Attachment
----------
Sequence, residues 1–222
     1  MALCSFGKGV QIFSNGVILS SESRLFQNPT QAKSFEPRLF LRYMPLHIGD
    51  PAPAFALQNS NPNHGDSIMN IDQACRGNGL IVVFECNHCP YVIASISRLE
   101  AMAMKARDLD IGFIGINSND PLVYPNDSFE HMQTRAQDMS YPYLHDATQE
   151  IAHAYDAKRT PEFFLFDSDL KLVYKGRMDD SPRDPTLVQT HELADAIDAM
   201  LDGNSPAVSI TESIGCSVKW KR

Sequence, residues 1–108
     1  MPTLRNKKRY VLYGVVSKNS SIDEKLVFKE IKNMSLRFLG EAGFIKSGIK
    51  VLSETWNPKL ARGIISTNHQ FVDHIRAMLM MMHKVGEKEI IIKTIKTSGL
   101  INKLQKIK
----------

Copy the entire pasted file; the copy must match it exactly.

Sequence, residues 1–222
     1  MALCSFGKGV QIFSNGVILS SESRLFQNPT QAKSFEPRLF LRYMPLHIGD
    51  PAPAFALQNS NPNHGDSIMN IDQACRGNGL IVVFECNHCP YVIASISRLE
   101  AMAMKARDLD IGFIGINSND PLVYPNDSFE HMQTRAQDMS YPYLHDATQE
   151  IAHAYDAKRT PEFFLFDSDL KLVYKGRMDD SPRDPTLVQT HELADAIDAM
   201  LDGNSPAVSI TESIGCSVKW KR

Sequence, residues 1–108
     1  MPTLRNKKRY VLYGVVSKNS SIDEKLVFKE IKNMSLRFLG EAGFIKSGIK
    51  VLSETWNPKL ARGIISTNHQ FVDHIRAMLM MMHKVGEKEI IIKTIKTSGL
   101  INKLQKIK